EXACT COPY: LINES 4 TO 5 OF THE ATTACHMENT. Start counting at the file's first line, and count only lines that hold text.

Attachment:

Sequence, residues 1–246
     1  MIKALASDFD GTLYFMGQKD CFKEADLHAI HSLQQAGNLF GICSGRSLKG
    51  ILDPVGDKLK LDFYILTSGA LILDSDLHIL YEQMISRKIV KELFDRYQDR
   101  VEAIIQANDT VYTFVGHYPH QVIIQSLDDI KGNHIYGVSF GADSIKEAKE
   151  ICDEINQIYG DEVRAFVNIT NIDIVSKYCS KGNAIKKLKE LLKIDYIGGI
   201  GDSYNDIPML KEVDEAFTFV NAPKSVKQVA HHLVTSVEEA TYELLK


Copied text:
   101  VEAIIQANDT VYTFVGHYPH QVIIQSLDDI KGNHIYGVSF GADSIKEAKE
   151  ICDEINQIYG DEVRAFVNIT NIDIVSKYCS KGNAIKKLKE LLKIDYIGGI